Rod put the key into the ignition, turned it, and messed with the lights while pounding on the horn.

When the headlights turned on, it took a step back.

The dome light inside the car turned off, then turned on, making it a little harder to see outside.

Light or not, I could still see more figures climbing over the side of the road by the second.

14 thoughts on “Cassie: Part 11”

  1. kntwriter: Princesses are in distinctly short supply around here.

    Luke: It’s always nice when people catch references. Not that I’m planning to do a Cthulhu mythos story, but was referencing Shadow Over Innsmouth (and Deep Ones) deliberately with the descriptions.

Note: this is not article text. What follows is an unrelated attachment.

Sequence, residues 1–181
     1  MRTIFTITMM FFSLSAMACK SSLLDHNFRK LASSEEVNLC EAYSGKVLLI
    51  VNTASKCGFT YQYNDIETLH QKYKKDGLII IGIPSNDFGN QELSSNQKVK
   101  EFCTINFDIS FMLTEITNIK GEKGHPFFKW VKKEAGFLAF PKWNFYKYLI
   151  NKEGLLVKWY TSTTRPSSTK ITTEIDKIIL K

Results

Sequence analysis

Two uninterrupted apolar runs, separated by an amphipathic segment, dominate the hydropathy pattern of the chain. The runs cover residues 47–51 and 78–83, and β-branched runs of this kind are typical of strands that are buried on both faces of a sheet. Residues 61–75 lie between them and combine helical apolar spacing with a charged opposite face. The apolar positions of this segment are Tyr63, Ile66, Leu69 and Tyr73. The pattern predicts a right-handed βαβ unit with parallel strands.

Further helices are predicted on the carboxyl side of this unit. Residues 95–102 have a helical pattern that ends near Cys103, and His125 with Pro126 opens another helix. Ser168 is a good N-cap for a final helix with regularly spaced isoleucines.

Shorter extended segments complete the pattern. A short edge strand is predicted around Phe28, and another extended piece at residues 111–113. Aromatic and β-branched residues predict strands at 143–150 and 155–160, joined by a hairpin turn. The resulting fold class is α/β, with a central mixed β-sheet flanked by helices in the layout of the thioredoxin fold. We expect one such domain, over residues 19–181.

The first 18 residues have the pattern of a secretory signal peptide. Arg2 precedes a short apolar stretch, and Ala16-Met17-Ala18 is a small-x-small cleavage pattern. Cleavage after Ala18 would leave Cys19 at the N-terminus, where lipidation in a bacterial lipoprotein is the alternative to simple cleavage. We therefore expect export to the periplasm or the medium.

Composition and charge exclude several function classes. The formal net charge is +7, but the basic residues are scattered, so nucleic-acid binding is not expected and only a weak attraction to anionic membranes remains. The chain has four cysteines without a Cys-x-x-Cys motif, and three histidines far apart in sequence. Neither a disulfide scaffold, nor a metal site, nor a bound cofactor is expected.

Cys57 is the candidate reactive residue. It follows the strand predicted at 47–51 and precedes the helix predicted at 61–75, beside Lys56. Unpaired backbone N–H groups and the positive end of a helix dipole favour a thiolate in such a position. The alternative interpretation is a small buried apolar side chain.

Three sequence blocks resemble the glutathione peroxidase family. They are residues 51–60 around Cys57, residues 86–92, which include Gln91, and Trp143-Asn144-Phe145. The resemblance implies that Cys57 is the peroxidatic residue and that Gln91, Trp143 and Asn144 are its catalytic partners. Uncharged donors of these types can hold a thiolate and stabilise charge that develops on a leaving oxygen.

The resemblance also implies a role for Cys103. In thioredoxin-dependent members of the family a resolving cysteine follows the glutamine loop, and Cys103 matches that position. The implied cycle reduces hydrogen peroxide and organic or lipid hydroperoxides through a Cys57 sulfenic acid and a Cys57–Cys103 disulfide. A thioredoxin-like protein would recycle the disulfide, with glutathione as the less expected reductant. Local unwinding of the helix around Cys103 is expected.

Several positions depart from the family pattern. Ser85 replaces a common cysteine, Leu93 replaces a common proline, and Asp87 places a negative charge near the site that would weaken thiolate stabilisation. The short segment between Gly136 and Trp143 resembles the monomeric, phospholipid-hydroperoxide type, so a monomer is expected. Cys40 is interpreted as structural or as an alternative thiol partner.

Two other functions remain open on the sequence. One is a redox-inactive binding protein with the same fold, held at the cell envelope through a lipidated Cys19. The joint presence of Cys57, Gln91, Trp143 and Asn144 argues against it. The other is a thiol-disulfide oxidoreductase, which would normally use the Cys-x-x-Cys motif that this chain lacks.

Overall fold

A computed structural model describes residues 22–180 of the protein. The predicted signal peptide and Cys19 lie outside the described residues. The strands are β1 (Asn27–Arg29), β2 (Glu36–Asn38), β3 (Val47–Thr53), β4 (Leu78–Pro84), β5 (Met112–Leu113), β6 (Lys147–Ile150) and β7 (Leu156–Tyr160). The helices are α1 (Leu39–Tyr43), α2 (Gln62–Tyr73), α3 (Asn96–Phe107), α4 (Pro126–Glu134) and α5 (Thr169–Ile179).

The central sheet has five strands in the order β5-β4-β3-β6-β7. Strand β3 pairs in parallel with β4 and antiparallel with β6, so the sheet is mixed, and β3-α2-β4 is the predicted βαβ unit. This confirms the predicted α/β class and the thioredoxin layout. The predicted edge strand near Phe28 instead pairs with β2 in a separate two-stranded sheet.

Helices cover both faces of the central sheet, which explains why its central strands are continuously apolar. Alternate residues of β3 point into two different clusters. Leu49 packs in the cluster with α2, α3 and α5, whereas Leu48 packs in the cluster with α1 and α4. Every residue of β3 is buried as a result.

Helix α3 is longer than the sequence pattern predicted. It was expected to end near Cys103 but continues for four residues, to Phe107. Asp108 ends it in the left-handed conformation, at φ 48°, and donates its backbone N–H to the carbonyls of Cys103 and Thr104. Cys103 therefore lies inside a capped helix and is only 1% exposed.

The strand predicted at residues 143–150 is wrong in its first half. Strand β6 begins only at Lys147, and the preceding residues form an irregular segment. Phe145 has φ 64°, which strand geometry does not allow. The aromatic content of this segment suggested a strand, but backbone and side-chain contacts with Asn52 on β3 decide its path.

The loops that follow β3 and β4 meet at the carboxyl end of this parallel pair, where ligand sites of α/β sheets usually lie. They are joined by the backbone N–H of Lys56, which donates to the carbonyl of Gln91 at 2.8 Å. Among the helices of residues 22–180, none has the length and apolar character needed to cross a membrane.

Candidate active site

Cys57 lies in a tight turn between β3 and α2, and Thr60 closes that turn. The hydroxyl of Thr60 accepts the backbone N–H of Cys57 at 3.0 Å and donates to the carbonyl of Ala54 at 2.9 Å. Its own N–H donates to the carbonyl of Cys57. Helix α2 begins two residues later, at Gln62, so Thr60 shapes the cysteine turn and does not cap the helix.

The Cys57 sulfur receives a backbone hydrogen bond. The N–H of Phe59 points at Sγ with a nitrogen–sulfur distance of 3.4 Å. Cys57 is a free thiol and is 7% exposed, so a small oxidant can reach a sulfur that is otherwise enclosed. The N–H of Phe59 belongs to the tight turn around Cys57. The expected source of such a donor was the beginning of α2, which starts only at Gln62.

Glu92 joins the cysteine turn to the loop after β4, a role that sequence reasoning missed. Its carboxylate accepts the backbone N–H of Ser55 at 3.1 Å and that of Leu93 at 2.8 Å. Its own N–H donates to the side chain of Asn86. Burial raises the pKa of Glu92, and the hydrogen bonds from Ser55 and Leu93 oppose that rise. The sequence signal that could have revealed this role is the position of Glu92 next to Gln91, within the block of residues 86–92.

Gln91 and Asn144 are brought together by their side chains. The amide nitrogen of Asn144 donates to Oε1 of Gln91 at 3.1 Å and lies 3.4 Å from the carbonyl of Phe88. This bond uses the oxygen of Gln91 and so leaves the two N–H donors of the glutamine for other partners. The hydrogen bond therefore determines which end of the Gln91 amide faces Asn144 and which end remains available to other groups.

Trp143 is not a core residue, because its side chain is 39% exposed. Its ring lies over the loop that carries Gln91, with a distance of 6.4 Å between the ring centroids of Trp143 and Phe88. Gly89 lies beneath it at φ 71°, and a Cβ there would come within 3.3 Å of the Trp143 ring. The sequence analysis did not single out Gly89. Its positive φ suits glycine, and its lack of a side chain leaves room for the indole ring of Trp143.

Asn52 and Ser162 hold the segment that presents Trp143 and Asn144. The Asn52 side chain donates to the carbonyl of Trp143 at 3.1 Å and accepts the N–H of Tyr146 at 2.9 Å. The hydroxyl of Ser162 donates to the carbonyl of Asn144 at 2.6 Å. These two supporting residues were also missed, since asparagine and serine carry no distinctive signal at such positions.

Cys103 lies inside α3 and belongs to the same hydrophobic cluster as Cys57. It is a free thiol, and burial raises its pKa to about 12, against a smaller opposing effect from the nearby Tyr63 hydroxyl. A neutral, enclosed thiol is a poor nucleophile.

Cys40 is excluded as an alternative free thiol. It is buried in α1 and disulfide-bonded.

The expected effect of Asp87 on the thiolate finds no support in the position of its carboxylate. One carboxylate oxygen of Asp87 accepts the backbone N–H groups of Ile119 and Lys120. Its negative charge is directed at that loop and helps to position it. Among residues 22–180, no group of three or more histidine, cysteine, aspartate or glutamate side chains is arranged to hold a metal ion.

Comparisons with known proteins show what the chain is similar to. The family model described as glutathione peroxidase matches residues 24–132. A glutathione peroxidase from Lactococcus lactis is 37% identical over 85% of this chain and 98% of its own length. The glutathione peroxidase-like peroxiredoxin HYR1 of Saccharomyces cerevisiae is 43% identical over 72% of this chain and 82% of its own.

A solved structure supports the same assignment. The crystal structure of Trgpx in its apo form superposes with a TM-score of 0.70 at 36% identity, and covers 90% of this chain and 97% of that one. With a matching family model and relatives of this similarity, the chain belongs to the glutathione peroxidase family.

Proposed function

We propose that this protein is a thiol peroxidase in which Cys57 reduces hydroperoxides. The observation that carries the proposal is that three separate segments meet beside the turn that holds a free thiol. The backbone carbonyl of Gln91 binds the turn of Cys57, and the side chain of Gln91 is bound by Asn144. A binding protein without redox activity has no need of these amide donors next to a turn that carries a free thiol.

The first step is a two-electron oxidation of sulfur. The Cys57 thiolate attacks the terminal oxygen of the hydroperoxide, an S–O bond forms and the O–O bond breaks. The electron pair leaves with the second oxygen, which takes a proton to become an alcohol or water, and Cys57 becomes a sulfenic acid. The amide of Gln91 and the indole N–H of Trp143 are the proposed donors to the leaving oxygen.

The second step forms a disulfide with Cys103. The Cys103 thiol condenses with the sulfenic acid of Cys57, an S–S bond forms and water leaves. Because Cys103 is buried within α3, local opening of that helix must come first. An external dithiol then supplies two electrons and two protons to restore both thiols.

That said, if you go to Wikipedia at the moment and look up anything, you’ll find a personal appeal by someone connected with the website. It amuses me more than it ought to to do that and then have the person’s picture with the words “Deep One” directly underneath it as if it were an illustration.


    Also apologies to all for posting later than usual today. When I was ready, the server the site’s on wasn’t responding quickly. I reported the problem and went to bed instead of waiting up for technical support…

  2. Oh no, I just realized…this means Washington D.C., with its plotted out cityscape and monuments all over the place…obelisks, roman-style columns, possibly masonic symbols hidden in the planning…

    The nuts are right and wrong at the same time. It IS a conspiracy…an Old One conspiracy! This is a perfect time to call Team TnT. Maybe Lovecraft himself can join them for this mission. He can be their occult expert.

    …also, whichever old one is hiding under the Washington Monument has a serious case of priapism.

  3. also, @Silas……

    You may be interested in these.